Using all of that, here's an EBNF grammar that corresponds to the Calculator language:

start: calc_expr?
calc_expr: NUMBER | calc_op
calc_op: "(" OPERATOR calc_expr* ")"
OPERATOR: "+" | "-" | "*" | "/"

%ignore /\s+/
%import common.NUMBER

You can paste that into and then input Calculator expressions in the interpreter to see their parse trees. Try it!

Regular Expressions

Regular expressions are a way to describe sets of strings that meet certain criteria, and are incredibly useful for pattern matching.

The simplest regular expression is one that matches a sequence of characters, like aardvark to match any "aardvark" substrings in a string.

However, you typically want to look for more interesting patterns. We recommend using an online tool like for trying out patterns, since you'll get instant feedback on the match results.

Character classes

A character class makes it possible to search for any one of a set of characters. You can specify the set or use pre-defined sets.

Class Description
[abc] Matches a, b, or c
[a-z] Matches any character between a and z
[^A-Z] Matches any character that is not between A and Z.
\w Matches any "word" character. Equivalent to [A-Za-z0-9_]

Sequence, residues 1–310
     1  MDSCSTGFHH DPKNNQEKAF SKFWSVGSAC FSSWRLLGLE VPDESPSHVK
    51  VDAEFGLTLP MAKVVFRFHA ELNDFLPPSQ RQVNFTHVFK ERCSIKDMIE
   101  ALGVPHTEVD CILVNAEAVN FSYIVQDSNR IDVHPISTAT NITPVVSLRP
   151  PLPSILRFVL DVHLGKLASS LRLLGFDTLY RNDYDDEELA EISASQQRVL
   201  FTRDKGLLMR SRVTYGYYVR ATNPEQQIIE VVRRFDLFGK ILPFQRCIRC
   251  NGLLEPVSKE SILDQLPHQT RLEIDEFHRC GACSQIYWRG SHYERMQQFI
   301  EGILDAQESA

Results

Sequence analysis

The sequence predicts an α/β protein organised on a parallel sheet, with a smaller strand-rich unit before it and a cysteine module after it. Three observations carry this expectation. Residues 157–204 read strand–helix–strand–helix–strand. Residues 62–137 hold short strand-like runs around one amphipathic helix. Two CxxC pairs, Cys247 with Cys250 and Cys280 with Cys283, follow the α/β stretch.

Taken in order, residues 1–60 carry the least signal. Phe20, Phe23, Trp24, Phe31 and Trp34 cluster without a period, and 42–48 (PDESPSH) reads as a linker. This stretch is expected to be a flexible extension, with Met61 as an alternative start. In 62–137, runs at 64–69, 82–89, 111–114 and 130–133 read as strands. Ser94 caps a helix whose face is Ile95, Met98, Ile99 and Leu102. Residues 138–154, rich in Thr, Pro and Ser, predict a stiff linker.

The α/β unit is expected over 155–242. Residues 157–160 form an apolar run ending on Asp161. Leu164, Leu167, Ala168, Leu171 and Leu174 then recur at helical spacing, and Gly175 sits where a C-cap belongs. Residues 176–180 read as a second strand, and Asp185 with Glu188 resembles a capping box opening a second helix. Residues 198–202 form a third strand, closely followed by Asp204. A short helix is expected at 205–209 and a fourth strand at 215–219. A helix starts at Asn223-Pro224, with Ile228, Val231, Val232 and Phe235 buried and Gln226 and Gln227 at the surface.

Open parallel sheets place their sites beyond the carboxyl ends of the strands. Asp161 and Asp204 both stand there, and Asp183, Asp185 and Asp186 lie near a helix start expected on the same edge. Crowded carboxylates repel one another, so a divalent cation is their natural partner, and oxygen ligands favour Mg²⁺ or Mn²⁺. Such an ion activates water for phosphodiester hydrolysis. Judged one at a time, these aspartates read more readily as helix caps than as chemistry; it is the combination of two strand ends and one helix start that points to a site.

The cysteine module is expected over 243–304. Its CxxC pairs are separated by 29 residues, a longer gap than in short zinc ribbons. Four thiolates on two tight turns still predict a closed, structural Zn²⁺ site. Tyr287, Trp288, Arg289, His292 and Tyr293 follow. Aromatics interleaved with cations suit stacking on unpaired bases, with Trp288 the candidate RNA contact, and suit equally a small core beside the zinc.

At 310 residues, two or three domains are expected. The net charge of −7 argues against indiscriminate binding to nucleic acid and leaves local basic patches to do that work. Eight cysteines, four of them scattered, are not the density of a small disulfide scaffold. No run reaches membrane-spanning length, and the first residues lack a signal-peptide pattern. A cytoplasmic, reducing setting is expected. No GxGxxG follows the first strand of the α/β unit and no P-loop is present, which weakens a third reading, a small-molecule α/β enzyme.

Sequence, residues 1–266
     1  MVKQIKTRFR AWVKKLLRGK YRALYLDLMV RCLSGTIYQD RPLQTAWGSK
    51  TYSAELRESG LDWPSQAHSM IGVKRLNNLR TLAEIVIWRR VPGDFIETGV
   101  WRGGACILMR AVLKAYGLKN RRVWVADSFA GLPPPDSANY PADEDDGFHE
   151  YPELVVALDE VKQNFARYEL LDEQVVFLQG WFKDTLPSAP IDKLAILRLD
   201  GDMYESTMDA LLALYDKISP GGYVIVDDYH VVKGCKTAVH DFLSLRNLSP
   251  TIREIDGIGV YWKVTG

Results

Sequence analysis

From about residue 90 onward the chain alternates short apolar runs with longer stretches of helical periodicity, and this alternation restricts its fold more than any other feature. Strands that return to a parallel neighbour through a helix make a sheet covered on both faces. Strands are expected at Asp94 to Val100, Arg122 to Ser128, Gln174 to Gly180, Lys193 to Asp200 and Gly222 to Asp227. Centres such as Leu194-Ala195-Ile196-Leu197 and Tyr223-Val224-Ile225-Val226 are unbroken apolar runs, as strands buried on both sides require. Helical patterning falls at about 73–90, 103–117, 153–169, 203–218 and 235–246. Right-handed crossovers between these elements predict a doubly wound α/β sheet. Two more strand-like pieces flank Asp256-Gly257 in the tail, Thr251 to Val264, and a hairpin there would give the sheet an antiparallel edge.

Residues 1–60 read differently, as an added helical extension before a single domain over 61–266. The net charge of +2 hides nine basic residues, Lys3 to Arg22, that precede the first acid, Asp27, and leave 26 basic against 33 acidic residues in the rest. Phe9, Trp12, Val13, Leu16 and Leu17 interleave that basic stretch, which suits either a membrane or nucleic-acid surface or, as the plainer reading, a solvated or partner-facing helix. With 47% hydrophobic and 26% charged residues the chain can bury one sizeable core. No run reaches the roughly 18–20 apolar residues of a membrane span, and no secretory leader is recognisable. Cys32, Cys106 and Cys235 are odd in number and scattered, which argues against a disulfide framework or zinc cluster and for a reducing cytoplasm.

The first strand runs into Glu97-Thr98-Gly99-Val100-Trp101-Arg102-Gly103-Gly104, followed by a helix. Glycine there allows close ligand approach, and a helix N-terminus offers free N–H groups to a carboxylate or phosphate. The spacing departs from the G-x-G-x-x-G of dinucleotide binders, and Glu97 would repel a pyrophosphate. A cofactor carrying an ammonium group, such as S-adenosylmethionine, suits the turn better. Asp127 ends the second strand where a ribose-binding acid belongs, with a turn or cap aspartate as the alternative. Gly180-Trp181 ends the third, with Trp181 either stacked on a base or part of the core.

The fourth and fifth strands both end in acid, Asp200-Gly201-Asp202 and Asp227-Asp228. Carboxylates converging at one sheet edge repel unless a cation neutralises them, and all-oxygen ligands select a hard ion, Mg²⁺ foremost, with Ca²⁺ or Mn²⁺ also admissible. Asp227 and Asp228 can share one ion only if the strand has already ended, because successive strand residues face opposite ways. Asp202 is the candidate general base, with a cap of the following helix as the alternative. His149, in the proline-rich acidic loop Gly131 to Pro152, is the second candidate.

\d Matches any digit. Equivalent to [0-9].
\s Matches any whitespace character (spaces, tabs, line breaks).
. Matches any character besides new line.

Character classes can be combined, like in [a-zA-Z0-9].

Combining patterns

There are multiple ways to combine patterns together in regular expressions.

Combination Description
AB A match for A followed immediately by one for B. Example: x[.,]y matches "x.y" or "x,y"
A⎮B Matches either A or B. Example: \d+⎮Inf matches either a decimal numeral or "Inf"

A pattern can be followed by one of these quantifiers to specify how many instances of the pattern can occur.

Quantifier Description
* 0 or more occurrences of the preceding pattern. Example: [a-z]* matches any sequence of lower-case letters or the empty string.
+ 1 or more occurrences of the preceding pattern. Example: \d+ matches any non-empty sequence of digits.
? 0 or 1 occurrences of the preceding pattern. Example: [-+]? matches an optional sign.
{1,3} Matches the specified quantity of the preceding pattern. {1,3} will match from 1 to 3 instances. {3} will match exactly 3 instances. {3,} will match 3 or more instances. Example: \d{5,6} matches either 5 or 6 digit numbers.